There are two things you definitely need to do if you want to be a Texas Teacher. First, get started early, because there is a lot to do. Second, get help, because it can be very confusing.
Every year, new rules for becoming a Texas teacher are adopted by the Texas State Board for Educator Certification and administered by the Texas Education Agency (TEA). These new rules and regulations affect your eligibility and the requirements you need to complete at each stage of the process.
If you procrastinate and are not prepared, you could find yourself having to wait an additional year before you can get that teaching job you have been wanting.
Let’s look at why...
In order to be hired for a teaching job, an individual must be eligible to hold an Intern Certificate. 19 TAC title 7 CH 230 D requires that ALL required content tests must be passed for an individual to be eligible for an Intern Certificate.
So, what does this mean for you? If you don’t pass your content test, you will need to reschedule and take it again until you do pass it. And, here is where it gets frustrating.
There are thousands of people signing up to take these tests, so they fill up fast! And, there are only so many content tests in each category offered. Some tests, such as English and Foreign Language, have limited administration (five times a year).
In addition, for teachers entering fields requiring multiple content tests, such as Bilingual elementary, Special Education or ESL, they will be required to pass multiple tests to become eligible for their initial certificate and hire.
Bottom line:Pass your test early!
Extra Tip: Do not enroll in a program before you pass your content test!
19 TAC title 7 CH 229 greatly restricts an individual's ability to take tests once admitted into an Educator Preparation Program (EPP). Why? Because the EPP’s accreditation is dependent on certain performance standards, including the passing rates of individuals in their program. In 2017/2018, the standard performance is those who have passed in their first two attempts.
Some programs will accept you with limited approval before you have passed your content test. This means that they expect you to pass on your first attempt, because they don’t want you to fail on the second attempt and have it go against their record. So, if you fail your first attempt, they may ask you to take another test to avoid this.
This doesn’t work in your favor.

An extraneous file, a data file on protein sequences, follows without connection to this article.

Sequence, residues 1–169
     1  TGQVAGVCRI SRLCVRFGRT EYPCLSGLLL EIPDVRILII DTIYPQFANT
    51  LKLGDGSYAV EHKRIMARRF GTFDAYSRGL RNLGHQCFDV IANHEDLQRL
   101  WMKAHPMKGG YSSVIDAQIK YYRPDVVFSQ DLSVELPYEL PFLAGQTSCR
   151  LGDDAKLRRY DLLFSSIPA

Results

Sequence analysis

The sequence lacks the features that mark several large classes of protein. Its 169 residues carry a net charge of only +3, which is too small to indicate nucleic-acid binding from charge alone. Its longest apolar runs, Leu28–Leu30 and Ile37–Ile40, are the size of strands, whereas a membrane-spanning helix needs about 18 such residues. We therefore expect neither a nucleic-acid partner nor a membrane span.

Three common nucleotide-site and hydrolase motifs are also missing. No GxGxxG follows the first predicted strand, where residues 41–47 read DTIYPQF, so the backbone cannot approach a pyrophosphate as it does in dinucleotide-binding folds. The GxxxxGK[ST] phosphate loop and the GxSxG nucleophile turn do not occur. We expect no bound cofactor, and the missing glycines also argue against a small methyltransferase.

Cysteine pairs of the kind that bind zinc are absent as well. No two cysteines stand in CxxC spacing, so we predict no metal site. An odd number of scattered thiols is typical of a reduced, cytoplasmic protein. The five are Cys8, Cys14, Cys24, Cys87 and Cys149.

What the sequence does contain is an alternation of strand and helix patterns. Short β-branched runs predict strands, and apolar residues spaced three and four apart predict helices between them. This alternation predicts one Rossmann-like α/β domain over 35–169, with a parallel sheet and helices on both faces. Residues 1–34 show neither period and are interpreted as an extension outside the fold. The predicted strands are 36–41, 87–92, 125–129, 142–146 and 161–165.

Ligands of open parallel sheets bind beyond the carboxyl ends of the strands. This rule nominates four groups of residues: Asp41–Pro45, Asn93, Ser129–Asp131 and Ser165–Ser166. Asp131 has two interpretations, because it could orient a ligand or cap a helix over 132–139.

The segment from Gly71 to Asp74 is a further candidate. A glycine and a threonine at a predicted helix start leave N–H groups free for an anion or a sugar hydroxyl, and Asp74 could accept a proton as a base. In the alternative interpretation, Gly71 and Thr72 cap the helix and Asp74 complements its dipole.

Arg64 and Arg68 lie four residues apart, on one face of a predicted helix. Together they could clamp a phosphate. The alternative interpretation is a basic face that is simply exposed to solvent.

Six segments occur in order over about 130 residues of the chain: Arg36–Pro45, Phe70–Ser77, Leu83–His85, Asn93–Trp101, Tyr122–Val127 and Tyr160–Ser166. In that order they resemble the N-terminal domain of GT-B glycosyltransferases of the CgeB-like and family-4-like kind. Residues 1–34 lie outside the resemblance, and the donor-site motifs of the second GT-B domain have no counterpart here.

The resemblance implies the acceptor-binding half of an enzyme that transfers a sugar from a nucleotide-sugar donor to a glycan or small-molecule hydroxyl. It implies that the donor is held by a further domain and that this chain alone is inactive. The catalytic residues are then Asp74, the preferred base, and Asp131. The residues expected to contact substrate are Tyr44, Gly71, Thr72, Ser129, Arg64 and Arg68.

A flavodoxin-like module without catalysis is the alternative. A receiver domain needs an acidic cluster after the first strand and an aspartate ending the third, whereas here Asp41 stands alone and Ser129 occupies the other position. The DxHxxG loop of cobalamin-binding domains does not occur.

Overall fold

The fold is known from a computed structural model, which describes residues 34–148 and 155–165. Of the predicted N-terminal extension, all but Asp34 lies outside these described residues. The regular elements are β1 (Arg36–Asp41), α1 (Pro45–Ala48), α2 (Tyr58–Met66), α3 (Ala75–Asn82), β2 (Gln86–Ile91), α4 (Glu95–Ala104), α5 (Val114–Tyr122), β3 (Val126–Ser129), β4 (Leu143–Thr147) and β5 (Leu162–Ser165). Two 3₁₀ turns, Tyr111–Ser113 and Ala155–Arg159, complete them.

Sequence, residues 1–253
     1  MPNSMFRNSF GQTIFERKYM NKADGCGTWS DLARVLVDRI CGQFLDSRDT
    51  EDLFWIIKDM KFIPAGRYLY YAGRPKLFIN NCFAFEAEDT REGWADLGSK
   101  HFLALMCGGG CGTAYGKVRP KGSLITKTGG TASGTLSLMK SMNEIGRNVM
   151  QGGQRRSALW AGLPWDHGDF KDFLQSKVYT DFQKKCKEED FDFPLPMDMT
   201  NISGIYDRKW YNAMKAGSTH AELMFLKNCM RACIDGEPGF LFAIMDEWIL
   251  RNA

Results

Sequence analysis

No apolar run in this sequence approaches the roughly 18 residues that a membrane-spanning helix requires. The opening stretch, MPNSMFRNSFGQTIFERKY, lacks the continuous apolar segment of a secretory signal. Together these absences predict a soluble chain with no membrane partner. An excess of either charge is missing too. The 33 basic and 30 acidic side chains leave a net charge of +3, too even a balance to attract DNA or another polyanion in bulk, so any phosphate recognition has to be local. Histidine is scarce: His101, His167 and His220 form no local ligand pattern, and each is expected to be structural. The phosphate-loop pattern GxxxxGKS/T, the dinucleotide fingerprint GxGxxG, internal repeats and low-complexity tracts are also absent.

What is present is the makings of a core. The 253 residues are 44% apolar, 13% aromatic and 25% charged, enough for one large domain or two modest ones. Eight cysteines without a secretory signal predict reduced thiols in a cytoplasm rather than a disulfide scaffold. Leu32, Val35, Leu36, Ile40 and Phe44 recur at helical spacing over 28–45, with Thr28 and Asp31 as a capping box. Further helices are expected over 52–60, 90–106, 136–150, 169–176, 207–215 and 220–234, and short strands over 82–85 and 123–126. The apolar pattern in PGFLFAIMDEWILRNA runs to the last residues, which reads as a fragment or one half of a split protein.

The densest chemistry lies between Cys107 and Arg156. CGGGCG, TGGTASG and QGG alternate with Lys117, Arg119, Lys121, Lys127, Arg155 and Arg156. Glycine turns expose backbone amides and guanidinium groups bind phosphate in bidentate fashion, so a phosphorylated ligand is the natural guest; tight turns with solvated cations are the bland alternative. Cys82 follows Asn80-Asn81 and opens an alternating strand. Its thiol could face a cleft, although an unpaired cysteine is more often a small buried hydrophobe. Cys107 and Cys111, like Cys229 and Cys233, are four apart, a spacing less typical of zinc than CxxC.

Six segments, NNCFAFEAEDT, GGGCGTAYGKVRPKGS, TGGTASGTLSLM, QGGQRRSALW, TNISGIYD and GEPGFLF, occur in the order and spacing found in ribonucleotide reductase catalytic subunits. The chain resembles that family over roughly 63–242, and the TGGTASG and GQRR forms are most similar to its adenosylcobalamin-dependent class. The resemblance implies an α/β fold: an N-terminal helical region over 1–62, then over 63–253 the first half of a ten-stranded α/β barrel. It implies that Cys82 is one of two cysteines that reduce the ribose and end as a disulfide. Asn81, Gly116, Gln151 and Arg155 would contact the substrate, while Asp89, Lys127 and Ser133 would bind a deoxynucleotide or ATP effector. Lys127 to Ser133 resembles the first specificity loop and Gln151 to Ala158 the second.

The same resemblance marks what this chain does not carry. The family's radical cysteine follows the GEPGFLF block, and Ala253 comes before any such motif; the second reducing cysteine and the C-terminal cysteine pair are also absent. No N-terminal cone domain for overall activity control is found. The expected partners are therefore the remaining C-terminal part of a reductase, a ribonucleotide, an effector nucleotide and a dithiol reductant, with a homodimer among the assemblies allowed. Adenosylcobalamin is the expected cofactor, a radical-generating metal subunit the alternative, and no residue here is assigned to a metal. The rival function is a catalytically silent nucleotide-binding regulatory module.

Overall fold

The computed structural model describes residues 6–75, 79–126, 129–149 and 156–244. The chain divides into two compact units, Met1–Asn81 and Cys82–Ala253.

You will have more opportunities to take a content test and take multiple content areas BEFORE entering a program than AFTER admission into a program.
With a total of 300 hours of training to complete for certification and 120 hours required before you can start teaching, it is important to get as much done as soon as possible. Unfortunately, you can’t do any training until you are enrolled in a program.
19 TAC title 7 CH 227.17 D denies an Alternative Certification or Post-Baccalaureate Program the ability to offer training to an individual prior to full acceptance into the program. So, that makes passing your content test even more important. You can’t start your training until you get accepted.
Another thing to keep in mind is that once you start your internship teaching job, you are going to be very busy. So, the more training you can do before you start your job, the better off you will be.
Bottom line:Get started on your training early!
Extra Tip# 1: Look for a program that does in-person training and go to that if you can!
We offer a one-week, in-person training program during the summer, called ECAP Academy. Attendees can complete a chunk of those 120 hours before they start their job and learn from administrators and experts. This gives our interns an advantage.
Not every EPP offers in-person training, so ask before you apply to a program.
Extra Tip# 2: Check if there is a time limit to get your training done.
Some programs will charge you additional money if you haven’t completed your training within the time limit they give you and you have to restart online training modules. So, ask if there is a time limit and what the consequences are if you don’t get it done in time.
New regulations that are being passed each year are making it more difficult and lengthening the process of becoming a Texas teacher. It is important that you understand the regulations and how they impact you.
There are many programs to choose from, so it is important to do your homework before you apply. If you are considering an Alternative Certification Program, you should read our recent article, Texas Teachers, ITeach, or ECAP...Which One is Right For You?You will find suggestions on how to choose the right program.
Get started early to be sure you are a viable candidate when the hiring season gets here.
Scott is the Deputy Executive Director and Program Consultant. Scott earned a Bachelor of Science in Human Biology from Texas Women's University and a Master of Education from Texas Women's University. Scott has extensive experience in both the classroom and as an administrator in districts in North Texas.
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